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Gender and Racial Biases: Evidence from Child Adoption

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  • Baccara, Mariagiovanna
  • Collard-Wexler, Allan
  • Felli, Leonardo
  • Yariv, Leeat

Abstract

This paper uses a new data set on domestic child adoption to document the preferences of potential adoptive parents over born and unborn babies relinquished for adoption by their birth mothers. We show that adoptive parents exhibit significant biases in favor of girls and against African-American babies. A non-African-American baby relinquished for adoption attracts the interest of potential adoptive parents with probability 11.5% if it is a girl and 7.9% if it is a boy. As for race, a non-African-American baby has a probability of attracting the interest of an adopting parent at least seven times as high as the corresponding probability for an African-American baby. In addition, we show that a child’s desirability in the adoption process depends significantly on time to birth (increasing over the pregnancy, but decreasing after birth) and on adoption costs. We also document the attitudes toward babies’ characteristics across different categories of adoptive parents - heterosexual and same-sex couples, as well as single women and foreign couples. Finally, we consider several recently discussed policies excluding same-sex and foreign couples from the adoption process. In our data, such policies would reduce the number of adopted babies by 6% and 33%, respectively.

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Bibliographic Info

Paper provided by C.E.P.R. Discussion Papers in its series CEPR Discussion Papers with number 7647.

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Date of creation: Jan 2010
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Handle: RePEc:cpr:ceprdp:7647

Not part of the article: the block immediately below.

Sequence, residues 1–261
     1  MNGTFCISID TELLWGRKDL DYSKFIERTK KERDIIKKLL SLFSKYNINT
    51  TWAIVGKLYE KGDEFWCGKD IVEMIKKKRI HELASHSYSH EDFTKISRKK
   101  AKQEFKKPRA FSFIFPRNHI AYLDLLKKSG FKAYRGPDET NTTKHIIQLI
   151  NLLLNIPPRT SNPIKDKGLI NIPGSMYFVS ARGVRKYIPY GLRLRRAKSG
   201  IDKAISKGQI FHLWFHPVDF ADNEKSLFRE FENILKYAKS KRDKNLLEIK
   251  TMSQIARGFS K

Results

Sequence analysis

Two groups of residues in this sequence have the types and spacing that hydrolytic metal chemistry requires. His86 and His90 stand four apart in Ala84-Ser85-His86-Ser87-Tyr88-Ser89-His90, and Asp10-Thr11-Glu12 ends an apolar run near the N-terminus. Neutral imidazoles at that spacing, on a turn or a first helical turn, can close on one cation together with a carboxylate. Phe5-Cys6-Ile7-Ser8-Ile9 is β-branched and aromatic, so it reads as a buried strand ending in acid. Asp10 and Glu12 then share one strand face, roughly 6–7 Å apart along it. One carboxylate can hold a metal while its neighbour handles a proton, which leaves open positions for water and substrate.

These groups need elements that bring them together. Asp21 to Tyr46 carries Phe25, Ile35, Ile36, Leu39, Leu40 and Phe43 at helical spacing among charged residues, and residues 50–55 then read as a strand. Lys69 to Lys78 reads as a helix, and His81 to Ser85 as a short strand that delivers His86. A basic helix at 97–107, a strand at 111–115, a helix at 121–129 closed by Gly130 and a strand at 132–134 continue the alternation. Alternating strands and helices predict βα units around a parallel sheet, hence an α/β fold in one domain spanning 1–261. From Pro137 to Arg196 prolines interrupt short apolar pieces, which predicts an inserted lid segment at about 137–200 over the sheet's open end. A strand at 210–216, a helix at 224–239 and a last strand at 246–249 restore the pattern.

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Keywords: Child Adoption; Gender Bias; Matching; Racial Bias; Search;

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References

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  1. Anders Björklund & Mikael Lindahl & Erik Plug, 2006. "The Origins of Intergenerational Associations: Lessons from Swedish Adoption Data," The Quarterly Journal of Economics, MIT Press, vol. 121(3), pages 999-1028, 08.
  2. Ran Abramitzky & Adeline Delavande & Luís Vasconcelos, 2010. "Marrying Up: The Role of Sex Ratio in Assortative Matching," Research Working Papers 36, MICROCON - A Micro Level Analysis of Violent Conflict.
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  4. Altonji, Joseph G. & Blank, Rebecca M., 1999. "Race and gender in the labor market," Handbook of Labor Economics, in: O. Ashenfelter & D. Card (ed.), Handbook of Labor Economics, edition 1, volume 3, chapter 48, pages 3143-3259 Elsevier.
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  7. Luca Flabbi, 2007. "Prejudice and Gender Differentials in the U.S. Labor Market in the Last Twenty Years," Working Papers gueconwpa~07-07-07, Georgetown University, Department of Economics.